US 3917267 A
A tennis racket is formed with a frame having a generally square head and a stem depending therefrom. The racket is strung so that each string length spanning the head extends perpendicularly from the lengths of the head portions from which it is supported to provide a ball striking matrix of equal length and equally tensioned string reaches. In one embodiment, the frame is formed of a single length of extruded metal while in another, the frame is molded in two segments which are joined along the medial thickness plane of the racket.
Description (OCR text may contain errors)
United States Patent [1 1 McGrath 1 TENNIS RACKET  Inventor: Charles A. McGrath, 509A Nevada St., Sausalito, Calif. 94965  Filed: Mar. 23, 1973  Appl. No.: 344,102
 Field of Search... 273/26 A, 26 R, 29 R, 29 A, 273/67 R, 73 R, 73 C, 73 L, 76, 95 R  References Cited UNITED STATES PATENTS 1,539,019 5/1925 Nikonow 273/73 R 3,083,968 4/1963 Takahashi.. 273/73 R 3,507,494 4/1970 Finkel 273/73 D X 3,582,072 6/1971 Stueck 273/73 D X 3,664,668 5/1972 Held 273/73 C 3,711,092 1/1973 Hogue.... 273/73 D X 3,834,699 9/1974 Pass 273/73 C FOREIGN PATENTS OR APPLICATIONS 1,201,649 8/1970 United Kingdom 273/73 F 1,503,812 10/1967 France 273/73 C 107,660 7/1917 United Kingdom 273/73 H 427,206 4/1935 United Kingdom.... 273/73 R 855,902 2/1940 France 273/73 D 498,430 l/1939 United Kingdom.... 273/73 D 11,869 2/1928 Australia 273/73 F 1,065,765 9/1959 Germany 273/73 C 14,247 10/1884 United Kingdom 273/73 H 16,414 9/1891 United Kingdom 273/73 D Primary ExaminerRichard J Apley Attorney, Agent, or FirmNatter & Natter, Esqs.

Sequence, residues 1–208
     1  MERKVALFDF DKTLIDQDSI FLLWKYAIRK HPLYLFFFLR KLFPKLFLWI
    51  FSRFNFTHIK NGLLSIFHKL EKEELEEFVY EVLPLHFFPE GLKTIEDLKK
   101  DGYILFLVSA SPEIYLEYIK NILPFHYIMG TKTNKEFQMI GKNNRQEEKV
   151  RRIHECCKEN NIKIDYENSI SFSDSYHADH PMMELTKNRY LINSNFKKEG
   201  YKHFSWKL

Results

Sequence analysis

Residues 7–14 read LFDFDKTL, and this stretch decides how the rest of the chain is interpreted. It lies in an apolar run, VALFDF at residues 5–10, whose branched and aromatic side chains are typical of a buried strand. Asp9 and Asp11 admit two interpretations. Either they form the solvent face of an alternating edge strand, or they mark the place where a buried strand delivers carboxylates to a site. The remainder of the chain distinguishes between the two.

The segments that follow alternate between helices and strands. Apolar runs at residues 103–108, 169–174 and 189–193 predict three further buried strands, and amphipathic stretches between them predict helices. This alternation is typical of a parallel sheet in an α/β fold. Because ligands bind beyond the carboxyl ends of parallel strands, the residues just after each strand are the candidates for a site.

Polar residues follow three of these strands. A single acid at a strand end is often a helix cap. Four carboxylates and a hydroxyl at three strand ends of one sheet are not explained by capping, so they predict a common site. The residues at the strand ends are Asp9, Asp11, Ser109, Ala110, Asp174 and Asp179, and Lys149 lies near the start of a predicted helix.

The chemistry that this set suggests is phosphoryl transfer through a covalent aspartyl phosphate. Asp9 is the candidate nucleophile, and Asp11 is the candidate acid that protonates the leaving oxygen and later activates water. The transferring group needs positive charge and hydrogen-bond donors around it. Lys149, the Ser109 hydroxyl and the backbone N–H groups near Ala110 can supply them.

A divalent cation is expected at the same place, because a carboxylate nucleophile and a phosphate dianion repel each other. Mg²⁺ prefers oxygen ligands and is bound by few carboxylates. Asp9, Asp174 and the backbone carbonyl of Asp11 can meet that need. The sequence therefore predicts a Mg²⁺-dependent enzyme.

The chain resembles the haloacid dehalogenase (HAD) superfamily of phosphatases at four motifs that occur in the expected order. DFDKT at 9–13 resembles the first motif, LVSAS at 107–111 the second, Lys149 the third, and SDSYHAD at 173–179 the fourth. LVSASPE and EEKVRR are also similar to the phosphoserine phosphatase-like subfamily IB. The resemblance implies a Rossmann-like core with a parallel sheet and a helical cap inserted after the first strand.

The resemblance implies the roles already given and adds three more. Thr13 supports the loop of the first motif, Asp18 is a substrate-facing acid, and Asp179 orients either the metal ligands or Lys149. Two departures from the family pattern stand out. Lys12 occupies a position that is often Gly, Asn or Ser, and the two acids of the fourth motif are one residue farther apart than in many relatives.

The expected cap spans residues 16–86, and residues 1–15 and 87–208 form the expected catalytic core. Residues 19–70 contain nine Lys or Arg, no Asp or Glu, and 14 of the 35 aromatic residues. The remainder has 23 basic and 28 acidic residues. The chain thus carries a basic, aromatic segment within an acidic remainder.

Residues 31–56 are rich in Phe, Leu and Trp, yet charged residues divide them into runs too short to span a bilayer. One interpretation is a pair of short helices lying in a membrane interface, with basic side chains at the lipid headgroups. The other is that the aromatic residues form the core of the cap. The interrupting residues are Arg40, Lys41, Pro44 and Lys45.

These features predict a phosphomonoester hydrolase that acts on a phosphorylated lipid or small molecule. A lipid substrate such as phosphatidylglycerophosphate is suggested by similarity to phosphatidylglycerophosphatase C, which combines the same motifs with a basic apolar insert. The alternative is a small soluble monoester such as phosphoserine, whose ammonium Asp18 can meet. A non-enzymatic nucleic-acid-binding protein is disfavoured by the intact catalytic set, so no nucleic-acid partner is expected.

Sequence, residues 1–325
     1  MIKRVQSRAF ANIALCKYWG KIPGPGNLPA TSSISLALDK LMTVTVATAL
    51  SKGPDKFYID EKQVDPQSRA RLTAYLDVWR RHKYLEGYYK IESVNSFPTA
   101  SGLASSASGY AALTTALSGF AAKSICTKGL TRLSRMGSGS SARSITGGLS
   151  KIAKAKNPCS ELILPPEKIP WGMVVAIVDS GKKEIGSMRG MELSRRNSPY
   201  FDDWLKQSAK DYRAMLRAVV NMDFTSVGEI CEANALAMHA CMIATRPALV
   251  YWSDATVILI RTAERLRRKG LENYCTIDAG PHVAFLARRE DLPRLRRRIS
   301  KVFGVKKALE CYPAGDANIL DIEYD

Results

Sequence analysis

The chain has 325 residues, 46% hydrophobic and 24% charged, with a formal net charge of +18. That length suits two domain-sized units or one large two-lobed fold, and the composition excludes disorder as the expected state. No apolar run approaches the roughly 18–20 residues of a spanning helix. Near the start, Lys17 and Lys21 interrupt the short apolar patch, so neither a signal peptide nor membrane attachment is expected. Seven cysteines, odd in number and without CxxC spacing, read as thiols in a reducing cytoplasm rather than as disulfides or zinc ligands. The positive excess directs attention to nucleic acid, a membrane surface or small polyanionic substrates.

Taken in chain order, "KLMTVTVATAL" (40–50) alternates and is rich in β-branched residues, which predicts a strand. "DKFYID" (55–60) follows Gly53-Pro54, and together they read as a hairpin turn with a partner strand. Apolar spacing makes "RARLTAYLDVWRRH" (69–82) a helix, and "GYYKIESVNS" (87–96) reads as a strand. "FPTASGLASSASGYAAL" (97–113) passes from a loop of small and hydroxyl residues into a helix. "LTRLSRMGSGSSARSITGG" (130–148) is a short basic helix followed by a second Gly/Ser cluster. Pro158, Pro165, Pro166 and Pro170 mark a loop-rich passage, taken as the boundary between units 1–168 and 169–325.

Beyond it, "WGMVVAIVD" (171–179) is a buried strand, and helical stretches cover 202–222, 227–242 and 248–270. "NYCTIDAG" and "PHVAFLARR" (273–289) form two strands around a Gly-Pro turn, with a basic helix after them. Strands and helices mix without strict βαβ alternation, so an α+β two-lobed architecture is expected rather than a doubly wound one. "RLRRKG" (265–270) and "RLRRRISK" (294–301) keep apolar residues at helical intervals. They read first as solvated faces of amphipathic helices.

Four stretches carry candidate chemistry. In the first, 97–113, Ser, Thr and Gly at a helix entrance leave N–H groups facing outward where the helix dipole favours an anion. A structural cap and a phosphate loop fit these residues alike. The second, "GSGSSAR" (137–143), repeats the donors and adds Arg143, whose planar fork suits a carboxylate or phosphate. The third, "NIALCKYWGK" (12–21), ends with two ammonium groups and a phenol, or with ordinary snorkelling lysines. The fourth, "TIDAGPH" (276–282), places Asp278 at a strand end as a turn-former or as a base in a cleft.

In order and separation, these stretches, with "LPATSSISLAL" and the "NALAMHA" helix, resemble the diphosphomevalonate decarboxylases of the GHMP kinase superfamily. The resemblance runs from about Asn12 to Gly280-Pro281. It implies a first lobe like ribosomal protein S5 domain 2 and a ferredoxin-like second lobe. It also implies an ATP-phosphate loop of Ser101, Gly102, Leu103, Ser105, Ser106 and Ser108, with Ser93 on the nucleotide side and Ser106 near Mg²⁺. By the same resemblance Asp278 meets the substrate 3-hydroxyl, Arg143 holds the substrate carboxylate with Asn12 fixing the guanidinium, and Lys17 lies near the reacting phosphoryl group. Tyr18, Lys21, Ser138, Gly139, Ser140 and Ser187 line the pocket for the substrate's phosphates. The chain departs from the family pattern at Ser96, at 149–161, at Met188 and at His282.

[ 57] ABSTRACT A tennis racket is formed with a frame having a generally square head and a stem depending therefrom. The racket is strung so that each string length spanning the head extends perpendicularly from the lengths of the head portions from which it is supported to provide a ball striking matrix of equal length and equally tensioned string reaches. In one embodiment, the frame is formed of a single length of extruded metal while in another, the frame is molded in two segments which are joined along the medial thickness plane of the racket.
8 Claims, 10 Drawing Figures U.S. Patent Nov. 4, 1975 Sheet 1 of2 3,917,267
$9? Q M y 07% Q WW w i U.S. Patent Nov. 4, 1975 .Sheet2of2 3,917,267
TENNIS RACKET BACKGROUND OF THE INVENTION 1. Field of the Invention The present invention relates generally to tennis rackets and, more particularly to tennis rackets having a ball striking zone which provides substantially uniform ball rebound characteristics over its available surface.